2017-10-24

written by Anna Jackson, serving on the Gossler Park Elementary School team generously supported by Dartmouth-Hitchcock & Lincoln Financial

 

When you walk into Mrs. O’Leary’s third grade classroom, you see three women moving from table to table, reminding students to focus, to be kind, to worry about themselves, and to do their best work. You may not be able to tell which of those three women is Mrs. O’Leary, because you’ll never find her behind her desk. She is answering questions thoughtfully and intentionally, talking students through their frustrations, and moving around the room, making sure that no one is disengaged and that each student is getting everything that they can from the lesson at hand.

From the first day I met Mrs. O’Leary, I knew she meant business. Her students know it too. They also know that Mrs. O’Leary expects their best work, and that she will never dismiss their questions or concerns. She is flexible and intentional with her directions and expectations, anticipates problems, is proactive about finding solutions, and never stops working to ensure that each student is getting the support they need.

The persistence and care with which Mrs. O’Leary approaches her work are essential to our students. They cannot afford to have their concerns dismissed, or to have one more person give up on them or lower their expectations. Mrs. O’Leary knows that. That’s why she shows up every day ready to face whatever new challenges the day may bring, handling each setback with grace and diligence.

Mrs. O’Leary supports students who are defiant or discouraged by giving them important jobs in the classroom. This is how they know she believes in them. She never lowers her expectations and instead alters her teaching style or the learning environment to match the students’ needs. This is how they know she has faith in them.

I admire my partner teacher because her commitment to her students means she refuses to take the easy road. She does not give up on students who have the hardest time staying on task or latching on to concepts. She holds them to the same standards as the rest of the class. She nurtures kindness and proactive behavior by being observant during times when it would be easier to disengage. She notices when a student is being helpful or going out of their way to be kind and praises them for this behavior.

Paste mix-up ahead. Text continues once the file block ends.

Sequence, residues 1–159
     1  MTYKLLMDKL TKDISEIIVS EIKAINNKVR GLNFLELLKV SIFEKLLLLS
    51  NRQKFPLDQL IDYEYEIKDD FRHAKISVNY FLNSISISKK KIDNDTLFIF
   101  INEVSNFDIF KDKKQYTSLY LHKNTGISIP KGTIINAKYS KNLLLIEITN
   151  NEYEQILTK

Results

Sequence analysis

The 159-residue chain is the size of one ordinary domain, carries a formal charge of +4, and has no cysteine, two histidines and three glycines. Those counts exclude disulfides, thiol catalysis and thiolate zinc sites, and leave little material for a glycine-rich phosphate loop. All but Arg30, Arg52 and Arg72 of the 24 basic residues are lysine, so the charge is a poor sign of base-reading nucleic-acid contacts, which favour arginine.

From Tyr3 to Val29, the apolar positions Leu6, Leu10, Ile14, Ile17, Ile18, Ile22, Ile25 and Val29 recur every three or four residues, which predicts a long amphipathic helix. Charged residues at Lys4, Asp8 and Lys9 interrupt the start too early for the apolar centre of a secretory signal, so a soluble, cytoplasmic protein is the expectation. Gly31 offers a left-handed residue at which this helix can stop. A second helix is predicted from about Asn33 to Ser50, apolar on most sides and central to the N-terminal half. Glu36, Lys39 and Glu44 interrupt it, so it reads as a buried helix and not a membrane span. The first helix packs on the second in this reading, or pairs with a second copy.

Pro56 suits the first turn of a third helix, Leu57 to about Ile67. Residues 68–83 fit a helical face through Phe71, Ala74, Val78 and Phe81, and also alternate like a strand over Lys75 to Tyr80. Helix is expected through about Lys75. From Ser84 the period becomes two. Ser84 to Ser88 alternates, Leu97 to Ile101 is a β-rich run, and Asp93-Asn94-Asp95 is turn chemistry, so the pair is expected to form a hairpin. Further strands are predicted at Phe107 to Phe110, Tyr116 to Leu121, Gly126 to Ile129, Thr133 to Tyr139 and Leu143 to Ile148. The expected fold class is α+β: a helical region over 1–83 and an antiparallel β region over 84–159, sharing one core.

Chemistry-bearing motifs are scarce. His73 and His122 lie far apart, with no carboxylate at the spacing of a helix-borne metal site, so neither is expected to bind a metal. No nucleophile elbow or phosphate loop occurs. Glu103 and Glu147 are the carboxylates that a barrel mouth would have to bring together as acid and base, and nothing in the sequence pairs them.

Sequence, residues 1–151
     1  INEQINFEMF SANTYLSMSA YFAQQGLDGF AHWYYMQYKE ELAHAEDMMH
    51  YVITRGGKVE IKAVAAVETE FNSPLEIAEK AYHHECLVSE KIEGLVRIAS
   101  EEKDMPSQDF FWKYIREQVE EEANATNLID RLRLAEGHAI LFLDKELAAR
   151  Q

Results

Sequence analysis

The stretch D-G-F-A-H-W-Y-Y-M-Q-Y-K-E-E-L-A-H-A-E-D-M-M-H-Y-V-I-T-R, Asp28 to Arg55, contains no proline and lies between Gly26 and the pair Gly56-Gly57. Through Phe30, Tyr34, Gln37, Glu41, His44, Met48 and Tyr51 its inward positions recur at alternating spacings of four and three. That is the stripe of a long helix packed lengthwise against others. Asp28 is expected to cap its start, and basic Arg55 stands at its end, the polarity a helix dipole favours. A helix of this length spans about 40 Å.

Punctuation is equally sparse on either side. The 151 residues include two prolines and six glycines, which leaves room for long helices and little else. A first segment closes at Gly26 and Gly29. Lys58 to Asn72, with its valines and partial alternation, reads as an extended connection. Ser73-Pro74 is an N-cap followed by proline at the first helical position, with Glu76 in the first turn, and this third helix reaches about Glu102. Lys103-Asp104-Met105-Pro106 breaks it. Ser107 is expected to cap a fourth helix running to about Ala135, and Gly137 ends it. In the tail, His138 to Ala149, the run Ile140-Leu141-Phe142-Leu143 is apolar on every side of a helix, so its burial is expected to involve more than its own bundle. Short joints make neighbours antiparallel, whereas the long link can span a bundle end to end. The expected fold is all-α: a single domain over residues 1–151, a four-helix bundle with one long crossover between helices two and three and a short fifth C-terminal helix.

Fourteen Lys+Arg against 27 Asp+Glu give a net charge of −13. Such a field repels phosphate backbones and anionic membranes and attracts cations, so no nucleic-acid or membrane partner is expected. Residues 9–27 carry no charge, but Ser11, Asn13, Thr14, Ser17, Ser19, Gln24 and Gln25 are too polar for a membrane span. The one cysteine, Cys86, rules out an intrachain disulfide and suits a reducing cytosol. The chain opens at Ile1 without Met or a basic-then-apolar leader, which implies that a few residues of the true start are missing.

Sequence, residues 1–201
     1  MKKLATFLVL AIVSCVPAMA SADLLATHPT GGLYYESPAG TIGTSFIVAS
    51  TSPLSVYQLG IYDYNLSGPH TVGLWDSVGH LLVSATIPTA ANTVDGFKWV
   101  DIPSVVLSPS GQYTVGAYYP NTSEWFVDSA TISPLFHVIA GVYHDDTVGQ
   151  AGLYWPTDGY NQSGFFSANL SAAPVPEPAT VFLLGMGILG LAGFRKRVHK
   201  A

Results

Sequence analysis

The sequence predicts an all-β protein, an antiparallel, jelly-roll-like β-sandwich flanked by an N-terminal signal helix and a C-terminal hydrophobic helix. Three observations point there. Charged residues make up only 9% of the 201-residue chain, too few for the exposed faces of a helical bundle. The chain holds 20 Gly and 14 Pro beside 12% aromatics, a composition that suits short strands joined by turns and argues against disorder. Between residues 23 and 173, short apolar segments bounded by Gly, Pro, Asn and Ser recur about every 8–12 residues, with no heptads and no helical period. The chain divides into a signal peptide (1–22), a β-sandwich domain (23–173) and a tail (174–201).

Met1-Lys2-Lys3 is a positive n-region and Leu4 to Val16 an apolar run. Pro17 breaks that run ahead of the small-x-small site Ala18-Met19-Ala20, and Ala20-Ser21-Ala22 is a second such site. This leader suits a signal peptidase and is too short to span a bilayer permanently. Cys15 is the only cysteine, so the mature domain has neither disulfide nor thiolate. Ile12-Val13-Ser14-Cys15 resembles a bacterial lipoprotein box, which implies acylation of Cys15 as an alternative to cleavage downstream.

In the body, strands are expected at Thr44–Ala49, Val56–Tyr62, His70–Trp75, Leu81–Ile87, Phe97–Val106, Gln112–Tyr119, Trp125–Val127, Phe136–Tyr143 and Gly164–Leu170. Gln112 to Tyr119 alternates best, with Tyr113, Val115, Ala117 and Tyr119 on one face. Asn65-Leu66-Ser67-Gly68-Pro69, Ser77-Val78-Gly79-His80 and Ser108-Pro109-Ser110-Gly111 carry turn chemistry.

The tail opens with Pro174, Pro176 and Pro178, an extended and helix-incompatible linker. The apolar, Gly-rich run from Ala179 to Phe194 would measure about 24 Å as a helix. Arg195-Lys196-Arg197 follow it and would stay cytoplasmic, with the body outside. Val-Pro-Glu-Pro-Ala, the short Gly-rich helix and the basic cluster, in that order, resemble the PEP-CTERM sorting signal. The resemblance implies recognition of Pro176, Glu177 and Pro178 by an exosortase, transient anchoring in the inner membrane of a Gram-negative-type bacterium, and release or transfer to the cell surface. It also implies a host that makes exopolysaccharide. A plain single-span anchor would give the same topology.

When faced with anger, bitterness, or defiance, she responds with patience and kindness. She demonstrates her refusal to back down and her belief in the potential of our students when she asks thoughtful questions instead of dismissing anger or frustration around seemingly trivial problems. She understands that small conflicts are gigantic in the mind of a small human, and that a small setback can seem like a huge fall. She takes this knowledge and uses it to shape the way she speaks with students.

Mrs. O’Leary’s high expectations have taught me that it is very important to always be observing students, so that I can catch them doing something kind or proactive. Our students respond very well to praise and positive redirection, while correction or criticism often saps their confidence.

At the beginning of the year, Mrs. O’Leary told me this is the most challenging class she’s ever had. I told her I already felt very lucky to get to be on her team. I am very fortunate to get to work with her because she has taught me to keep looking ahead and never give up. Our students have faced and continue to face many challenges in their lives and with their learning, but they are so kind, loving, joyful, and resilient, and I am incredibly privileged to get to work with Mrs. O’Leary to find the joys in each day.

 

To learn more about City Year’s approach to working with students, click here.

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